Monday, March 6, 2017

What cyborg Harry Potter can teach us about teaching

After revisiting the recount of my masters thesis, I realized that it is rather German. That is to say, it goes on at length to establish some general principle, but then doesn't bother to give examples of how this principle is realized. Which is a style of writing well suited for some purposes, but, let's face it, is also rather annoying. So let's contextualize this general principle for a spell, by relating fan fiction to the subject of history.

The general principle is that people learn by doing things that they are interested in doing. This happens automatically, without the addition of directed conscious effort. When someone does something, the doing of that thing places them in situations and frames of mind which facilitate the process of learning, and the more doing that takes place, the more learning subsequently follows. Being interested bring with it the propensity of doing more of it, and of paying attention whilst doing it. It is, in most cases, a self-perpetuating process.

This is rather straightforward, and the biggest drawback with this line of thinking is that it takes too many words to convey with regards to how straightforward it is. You begin reading, work through the verbiage, and then conclude at the end that it would have been sufficient to just say "you learn by doing". Which is true, but it also goes to show how much effort you have to put in to convey something straightforward. In retrospect, it is obvious, but you have to go through the process before it becomes retrospectively obvious.

Thus, we have what we need to get to work: the general principle of learning by doing, and the notion of retroactive obviousness. Let's move on to fan fiction and the subject of history. Specifically, let's move on to how the notion of 'canon' relates to the teaching of history.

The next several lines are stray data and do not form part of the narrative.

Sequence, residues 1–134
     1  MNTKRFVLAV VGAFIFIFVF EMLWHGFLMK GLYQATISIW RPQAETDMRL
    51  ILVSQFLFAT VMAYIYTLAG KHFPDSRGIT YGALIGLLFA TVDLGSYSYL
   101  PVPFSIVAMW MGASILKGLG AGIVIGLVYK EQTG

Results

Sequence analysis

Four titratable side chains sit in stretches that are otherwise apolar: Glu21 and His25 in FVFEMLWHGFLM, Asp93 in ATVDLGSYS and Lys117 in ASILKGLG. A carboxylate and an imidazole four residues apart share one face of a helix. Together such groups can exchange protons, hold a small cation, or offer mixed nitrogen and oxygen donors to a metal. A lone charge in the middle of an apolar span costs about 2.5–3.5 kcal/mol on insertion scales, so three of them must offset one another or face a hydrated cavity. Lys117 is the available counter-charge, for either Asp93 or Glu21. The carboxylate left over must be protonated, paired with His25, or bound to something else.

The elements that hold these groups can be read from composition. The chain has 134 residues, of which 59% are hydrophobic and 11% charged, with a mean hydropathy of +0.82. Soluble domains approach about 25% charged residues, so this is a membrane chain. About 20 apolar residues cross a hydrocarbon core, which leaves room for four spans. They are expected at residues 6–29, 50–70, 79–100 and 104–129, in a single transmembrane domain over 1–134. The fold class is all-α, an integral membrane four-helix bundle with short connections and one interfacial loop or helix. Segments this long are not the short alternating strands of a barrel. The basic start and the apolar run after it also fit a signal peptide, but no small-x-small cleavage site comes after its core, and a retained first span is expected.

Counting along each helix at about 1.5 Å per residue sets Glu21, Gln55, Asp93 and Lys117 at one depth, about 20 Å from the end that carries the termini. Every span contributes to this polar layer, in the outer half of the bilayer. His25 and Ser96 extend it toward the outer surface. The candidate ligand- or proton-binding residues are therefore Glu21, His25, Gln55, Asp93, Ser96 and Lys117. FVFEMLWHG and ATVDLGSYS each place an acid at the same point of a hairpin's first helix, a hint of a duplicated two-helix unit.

Canon, in the context of fan fiction, denotes a particular set of works which can be considered official or true (as far as fictional depictions are true). In the case of, say, Harry Potter, the books written by Rowling are canonical, and the specific words found within these books carry significance in that they are the source material from which all knowledge of the fictional universe are garnered. Any further discussion about the Harry Potter universe will have to take these books as written, and conform to the limits imposed by Rowling having written them in a specific way instead of another.

Or, to put it another way: it is canonical that Harry Potter is a wizard that attended Hogwarts, a school for magically proficient youngsters. It is, however, not canon that Harry at a young age underwent a series of radical medical procedures which replaced everything but his visible exterior with cybernetic machinery, and that he is a robot that passes for a human child. The former is canon, the latter I just made up. Those who want to talk about what happened in the narrative universe of Harry Potter have to stick to what actually happened in the narrative - which is to say, the source material, as written.